Joint Replacement Surgery, Patient Beliefs, Treatment Options and More


At SPHC we were very excited by the discussion that took place on Insight on SBS last week. The conversation revolved around the current state of joint replacement surgery, patient beliefs, treatment options and funding schemes in Australia at present.


In 2014/15, the prevalence of lower back pain was estimated at 16% of the population, or 3.7 million people! Hip and knee pain were also listed as major pain problem areas because of osteoarthritis, with osteoarthritis being the predominant condition leading to joint replacement surgery in Australia.


We know that specific exercises and activities can have massive benefits on joint related pain and can reduce the need for surgery or prolong joint function for as long as possible prior to surgical intervention. As more studies are being done on the effectiveness of surgical treatment, it is becoming more widely recommended to trial a conservative approach before going under the knife.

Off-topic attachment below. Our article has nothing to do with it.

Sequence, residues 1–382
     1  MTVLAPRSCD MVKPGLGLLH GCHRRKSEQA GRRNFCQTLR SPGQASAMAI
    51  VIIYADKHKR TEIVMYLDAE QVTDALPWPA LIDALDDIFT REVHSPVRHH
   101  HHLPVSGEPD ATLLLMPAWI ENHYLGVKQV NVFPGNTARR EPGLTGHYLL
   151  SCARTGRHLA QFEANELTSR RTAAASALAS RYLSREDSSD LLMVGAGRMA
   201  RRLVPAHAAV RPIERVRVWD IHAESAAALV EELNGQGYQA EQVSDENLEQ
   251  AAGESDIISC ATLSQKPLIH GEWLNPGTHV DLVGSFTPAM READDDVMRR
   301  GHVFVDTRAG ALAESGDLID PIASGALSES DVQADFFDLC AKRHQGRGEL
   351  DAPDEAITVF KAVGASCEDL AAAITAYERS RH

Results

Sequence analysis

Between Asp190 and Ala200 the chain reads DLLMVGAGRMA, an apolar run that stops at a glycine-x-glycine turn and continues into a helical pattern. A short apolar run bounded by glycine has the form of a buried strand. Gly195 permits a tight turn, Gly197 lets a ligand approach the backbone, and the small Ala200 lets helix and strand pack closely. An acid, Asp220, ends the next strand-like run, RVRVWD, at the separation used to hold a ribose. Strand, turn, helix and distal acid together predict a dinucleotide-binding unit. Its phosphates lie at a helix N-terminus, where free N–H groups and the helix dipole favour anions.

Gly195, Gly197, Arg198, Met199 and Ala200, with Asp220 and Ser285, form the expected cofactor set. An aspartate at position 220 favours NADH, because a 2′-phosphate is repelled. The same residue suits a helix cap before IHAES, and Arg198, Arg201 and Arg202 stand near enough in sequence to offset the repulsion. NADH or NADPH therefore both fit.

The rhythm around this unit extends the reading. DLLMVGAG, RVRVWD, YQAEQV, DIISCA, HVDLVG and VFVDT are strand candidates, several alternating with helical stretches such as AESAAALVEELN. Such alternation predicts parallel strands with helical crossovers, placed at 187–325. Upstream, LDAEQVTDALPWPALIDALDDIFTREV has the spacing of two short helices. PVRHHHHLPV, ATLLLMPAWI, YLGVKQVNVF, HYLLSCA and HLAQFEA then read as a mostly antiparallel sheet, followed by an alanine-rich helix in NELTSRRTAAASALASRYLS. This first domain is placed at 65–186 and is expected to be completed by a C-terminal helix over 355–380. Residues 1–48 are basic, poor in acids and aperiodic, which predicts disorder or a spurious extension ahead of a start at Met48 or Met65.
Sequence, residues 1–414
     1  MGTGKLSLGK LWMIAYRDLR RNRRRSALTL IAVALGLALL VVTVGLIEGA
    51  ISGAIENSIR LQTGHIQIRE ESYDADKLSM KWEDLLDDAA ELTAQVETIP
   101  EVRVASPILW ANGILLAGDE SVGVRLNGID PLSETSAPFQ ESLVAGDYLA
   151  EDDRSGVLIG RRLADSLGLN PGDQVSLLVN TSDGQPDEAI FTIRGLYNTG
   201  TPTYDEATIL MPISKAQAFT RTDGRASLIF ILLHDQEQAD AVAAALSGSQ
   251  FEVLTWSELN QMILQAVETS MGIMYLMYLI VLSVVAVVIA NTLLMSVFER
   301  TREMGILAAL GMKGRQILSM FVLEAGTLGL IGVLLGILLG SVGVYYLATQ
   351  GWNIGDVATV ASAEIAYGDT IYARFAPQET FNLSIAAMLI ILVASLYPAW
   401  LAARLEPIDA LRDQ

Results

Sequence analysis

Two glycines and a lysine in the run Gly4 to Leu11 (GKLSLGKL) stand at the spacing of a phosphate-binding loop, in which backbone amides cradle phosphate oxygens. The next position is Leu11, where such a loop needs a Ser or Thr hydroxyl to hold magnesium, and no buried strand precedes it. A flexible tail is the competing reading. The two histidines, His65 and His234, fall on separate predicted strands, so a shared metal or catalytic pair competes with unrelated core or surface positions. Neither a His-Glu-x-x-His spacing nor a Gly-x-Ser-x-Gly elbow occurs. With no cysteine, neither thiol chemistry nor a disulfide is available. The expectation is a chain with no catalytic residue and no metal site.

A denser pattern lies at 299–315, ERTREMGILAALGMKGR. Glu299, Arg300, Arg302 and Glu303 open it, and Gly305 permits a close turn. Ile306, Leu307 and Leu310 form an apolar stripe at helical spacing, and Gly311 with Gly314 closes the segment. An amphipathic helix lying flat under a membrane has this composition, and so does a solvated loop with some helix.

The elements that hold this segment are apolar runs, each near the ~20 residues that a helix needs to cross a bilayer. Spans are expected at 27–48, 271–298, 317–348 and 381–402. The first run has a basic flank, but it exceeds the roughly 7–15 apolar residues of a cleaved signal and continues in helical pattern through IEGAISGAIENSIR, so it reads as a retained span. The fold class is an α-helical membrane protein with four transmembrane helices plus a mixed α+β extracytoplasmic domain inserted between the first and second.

Research now tells us that that about 50% of surgical interventions for joint issues have no scientific evidence to prove they are superior to non-surgical treatments, and another 25% are no more effective than alternatives such as physiotherapy, exercise and weight loss.
At SPHC we strongly believe that a targeted exercise and strengthening program can greatly improve pain and function and should be trialled before surgery in a large number of cases.


If you are suffering from lower back, hip or knee pain and are thinking about undergoing orthopaedic investigations, this is worth a watch!
View video here


Write up by Damon Kerns-Stokes
Amazing Physiotherapist and Sue’s right hand man


Call our lovely reception staff on 38691099 to book in for treatment if you have chronic joint pain!



Osteoarthritis, (2017). Australian Institute of Health and Welfare. Accessed:

Impacts of Chronic Back Problems, (2016). Australian Institute of Health and Welfare. Accessed:

Joint Operation, (2018). SBS Broadcasting. Accessed: